The 1.2GHz dual-core CPU paired with the 1GB of RAM provide for fairly speedy performance. Opening most applications is pretty fast. Although, it doesn’t seem as fast as the Galaxy S II running Android 2.3 Gingerbread. This is most likely due to the rather early release copy of Ice Cream Sandwich. I’m assuming (and hoping) that an update to the operating system will result in more optimized performance. Android’s various animations were very mixed, as some animations were perfectly smooth, while some weren’t.
Web browsing is very fast when loading mobile-optimized pages. When loading pages that are meant for desktop viewing, scrolling and zooming in (with 2 fingers) may be a bit sluggish. Adobe Flash doesn’t come pre-installed, which we find to be a great thing. After installing Adobe Flash from the Android Marketplace, loading pages with Flash content did take a noticeably longer amount of time to open. Even then, scrolling and zooming was even more sluggish than without Flash. Flash isn’t really needed on a smartphone, so I believe it’s best to leave it uninstalled.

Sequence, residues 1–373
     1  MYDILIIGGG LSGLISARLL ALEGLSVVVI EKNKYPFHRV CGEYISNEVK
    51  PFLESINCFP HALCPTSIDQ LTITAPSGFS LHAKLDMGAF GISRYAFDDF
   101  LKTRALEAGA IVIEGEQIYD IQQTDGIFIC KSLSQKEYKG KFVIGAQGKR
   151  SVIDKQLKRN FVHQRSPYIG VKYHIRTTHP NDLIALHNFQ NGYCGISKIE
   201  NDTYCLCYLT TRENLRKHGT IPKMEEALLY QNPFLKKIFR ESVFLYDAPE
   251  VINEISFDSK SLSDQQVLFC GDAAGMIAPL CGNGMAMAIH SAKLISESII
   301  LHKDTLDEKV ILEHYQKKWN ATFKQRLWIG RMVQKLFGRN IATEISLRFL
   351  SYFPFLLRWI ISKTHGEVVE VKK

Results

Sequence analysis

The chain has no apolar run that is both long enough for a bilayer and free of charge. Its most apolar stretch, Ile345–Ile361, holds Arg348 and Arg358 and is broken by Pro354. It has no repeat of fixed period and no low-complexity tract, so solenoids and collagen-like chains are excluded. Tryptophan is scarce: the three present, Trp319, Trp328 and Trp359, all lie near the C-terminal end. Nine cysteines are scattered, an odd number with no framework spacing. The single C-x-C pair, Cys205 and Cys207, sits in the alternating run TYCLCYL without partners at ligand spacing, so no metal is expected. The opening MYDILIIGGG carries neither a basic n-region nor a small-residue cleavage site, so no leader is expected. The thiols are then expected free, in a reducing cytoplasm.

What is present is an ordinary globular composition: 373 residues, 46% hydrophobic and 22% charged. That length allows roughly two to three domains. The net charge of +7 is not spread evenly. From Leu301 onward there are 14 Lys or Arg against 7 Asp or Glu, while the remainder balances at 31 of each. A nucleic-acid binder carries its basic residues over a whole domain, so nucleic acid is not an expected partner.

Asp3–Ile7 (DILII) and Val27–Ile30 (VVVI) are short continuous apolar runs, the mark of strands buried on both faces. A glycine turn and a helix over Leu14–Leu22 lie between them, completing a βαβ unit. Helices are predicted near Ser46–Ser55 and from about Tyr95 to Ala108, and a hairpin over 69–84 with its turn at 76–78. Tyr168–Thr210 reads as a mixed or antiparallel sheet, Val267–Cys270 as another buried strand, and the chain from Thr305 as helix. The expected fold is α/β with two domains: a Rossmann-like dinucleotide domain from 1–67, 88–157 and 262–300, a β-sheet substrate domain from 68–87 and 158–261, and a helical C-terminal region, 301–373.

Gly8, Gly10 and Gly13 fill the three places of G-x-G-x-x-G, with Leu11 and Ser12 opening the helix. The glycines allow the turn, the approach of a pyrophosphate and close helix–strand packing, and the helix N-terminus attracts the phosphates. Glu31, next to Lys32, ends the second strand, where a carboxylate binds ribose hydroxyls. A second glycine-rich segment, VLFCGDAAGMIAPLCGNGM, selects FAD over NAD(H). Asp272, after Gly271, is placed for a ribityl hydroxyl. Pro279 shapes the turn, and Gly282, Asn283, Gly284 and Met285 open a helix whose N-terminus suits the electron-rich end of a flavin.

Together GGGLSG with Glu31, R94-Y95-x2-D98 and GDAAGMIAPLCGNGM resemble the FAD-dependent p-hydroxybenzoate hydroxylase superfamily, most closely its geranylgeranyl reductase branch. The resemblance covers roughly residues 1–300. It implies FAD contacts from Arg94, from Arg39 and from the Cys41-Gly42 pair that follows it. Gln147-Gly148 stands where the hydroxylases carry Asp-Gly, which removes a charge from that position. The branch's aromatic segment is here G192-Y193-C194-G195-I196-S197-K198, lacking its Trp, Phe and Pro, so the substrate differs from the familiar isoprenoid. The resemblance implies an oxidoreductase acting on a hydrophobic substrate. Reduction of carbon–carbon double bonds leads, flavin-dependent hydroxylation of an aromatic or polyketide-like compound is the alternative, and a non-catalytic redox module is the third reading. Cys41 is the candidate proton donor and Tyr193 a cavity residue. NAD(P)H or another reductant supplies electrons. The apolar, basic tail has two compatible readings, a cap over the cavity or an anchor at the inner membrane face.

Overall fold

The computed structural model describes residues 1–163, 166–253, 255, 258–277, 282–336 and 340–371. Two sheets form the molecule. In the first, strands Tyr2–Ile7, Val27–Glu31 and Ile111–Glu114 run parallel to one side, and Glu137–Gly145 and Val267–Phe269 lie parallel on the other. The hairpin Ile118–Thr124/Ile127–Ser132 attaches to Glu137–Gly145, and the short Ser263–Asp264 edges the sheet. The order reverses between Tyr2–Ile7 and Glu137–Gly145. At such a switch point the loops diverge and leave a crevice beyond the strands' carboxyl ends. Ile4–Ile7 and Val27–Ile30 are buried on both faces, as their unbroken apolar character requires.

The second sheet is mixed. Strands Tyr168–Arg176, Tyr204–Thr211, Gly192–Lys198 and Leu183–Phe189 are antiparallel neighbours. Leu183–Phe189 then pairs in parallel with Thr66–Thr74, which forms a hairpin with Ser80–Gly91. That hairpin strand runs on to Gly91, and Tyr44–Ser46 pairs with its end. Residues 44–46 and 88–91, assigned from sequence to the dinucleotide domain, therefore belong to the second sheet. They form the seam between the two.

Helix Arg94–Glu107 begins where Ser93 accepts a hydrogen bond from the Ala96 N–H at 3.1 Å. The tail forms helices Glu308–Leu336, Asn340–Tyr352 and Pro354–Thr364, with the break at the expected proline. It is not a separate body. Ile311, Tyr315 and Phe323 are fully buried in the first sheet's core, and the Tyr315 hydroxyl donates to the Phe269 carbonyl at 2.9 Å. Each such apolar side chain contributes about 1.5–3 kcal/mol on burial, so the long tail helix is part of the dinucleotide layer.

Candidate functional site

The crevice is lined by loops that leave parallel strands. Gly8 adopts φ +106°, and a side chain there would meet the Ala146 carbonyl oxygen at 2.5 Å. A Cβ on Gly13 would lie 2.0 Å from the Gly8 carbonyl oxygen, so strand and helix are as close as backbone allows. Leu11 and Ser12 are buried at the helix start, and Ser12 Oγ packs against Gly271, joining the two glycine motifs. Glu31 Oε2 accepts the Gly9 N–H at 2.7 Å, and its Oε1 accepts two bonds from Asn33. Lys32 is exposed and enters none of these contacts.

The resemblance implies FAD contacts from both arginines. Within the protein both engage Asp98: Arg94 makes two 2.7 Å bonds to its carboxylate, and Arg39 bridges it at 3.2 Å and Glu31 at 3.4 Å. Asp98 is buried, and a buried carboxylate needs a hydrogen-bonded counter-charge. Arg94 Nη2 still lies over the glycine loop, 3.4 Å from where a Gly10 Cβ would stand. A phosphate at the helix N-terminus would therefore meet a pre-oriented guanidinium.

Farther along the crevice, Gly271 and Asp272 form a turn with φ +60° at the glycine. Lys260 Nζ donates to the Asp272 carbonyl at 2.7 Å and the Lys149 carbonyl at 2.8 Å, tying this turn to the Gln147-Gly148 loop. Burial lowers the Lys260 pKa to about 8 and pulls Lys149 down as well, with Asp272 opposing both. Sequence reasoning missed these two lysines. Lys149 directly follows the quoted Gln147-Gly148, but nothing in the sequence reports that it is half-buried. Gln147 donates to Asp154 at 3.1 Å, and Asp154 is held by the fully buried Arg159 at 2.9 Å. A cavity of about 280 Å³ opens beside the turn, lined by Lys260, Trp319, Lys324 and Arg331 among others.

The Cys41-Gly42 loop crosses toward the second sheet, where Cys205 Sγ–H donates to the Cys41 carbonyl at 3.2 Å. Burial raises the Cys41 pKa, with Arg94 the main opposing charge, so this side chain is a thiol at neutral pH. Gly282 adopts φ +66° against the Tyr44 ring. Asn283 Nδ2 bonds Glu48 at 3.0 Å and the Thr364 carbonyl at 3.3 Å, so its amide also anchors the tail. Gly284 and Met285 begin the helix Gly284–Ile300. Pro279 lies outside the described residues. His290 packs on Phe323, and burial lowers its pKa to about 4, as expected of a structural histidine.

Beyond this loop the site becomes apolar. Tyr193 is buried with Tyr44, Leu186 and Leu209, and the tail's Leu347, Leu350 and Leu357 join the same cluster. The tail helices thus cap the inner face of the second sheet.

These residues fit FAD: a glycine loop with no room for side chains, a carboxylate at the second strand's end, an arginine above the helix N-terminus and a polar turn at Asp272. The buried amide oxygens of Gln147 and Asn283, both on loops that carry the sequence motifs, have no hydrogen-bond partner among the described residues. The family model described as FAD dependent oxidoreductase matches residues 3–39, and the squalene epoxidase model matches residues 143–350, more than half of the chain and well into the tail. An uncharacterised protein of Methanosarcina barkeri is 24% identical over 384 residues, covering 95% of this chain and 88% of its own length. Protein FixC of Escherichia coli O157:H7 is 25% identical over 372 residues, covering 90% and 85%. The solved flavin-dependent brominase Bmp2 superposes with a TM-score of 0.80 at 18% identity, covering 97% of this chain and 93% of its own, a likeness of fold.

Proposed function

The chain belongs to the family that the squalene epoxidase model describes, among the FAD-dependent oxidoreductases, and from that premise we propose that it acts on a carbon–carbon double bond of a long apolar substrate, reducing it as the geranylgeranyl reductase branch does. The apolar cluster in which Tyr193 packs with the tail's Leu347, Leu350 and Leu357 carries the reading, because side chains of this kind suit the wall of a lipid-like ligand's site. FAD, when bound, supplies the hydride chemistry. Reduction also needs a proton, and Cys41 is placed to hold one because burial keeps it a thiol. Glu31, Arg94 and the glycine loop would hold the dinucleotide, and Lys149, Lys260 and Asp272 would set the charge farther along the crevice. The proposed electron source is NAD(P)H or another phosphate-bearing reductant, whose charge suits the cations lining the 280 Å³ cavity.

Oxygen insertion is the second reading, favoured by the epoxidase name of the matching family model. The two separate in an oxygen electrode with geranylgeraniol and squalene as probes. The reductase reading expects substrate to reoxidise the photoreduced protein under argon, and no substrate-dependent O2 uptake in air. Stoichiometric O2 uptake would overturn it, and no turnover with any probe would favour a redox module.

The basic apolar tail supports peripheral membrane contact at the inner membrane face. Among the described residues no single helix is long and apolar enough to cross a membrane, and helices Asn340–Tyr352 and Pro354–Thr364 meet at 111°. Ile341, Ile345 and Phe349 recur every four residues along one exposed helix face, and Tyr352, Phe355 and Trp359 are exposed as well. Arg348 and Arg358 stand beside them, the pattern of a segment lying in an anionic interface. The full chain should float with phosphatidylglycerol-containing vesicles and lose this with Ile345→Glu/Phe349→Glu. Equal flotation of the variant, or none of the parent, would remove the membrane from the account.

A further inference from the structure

4G LTE support through Verizon is quite good. Most of the time, we were able to get at least 12Mbps down and 8Mbps up. Our maximum was about 16Mbps down and 10Mbps up. As always, these sorts of things depend on your area and amount of congestion with others.
Call & Speaker Quality
Calls were crisp and clear on both ends. The earpiece on the front of the Galaxy Nexus isn’t as loud as other devices, so we recommend using a headset.
The speaker provide for very clear voice and music quality, and gets pretty loud. Even at the maximum volume, audio isn’t distorted at all.
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The rear-facing 5MP camera is able to take fairly nice looking images at full resolution. Low-light performance is fairly good as well. The shutter lag that plagues most Android smartphones is basically non-existent with the Galaxy Nexus. We really would’ve loved to have had a dedicated camera button somewhere on the side of the device.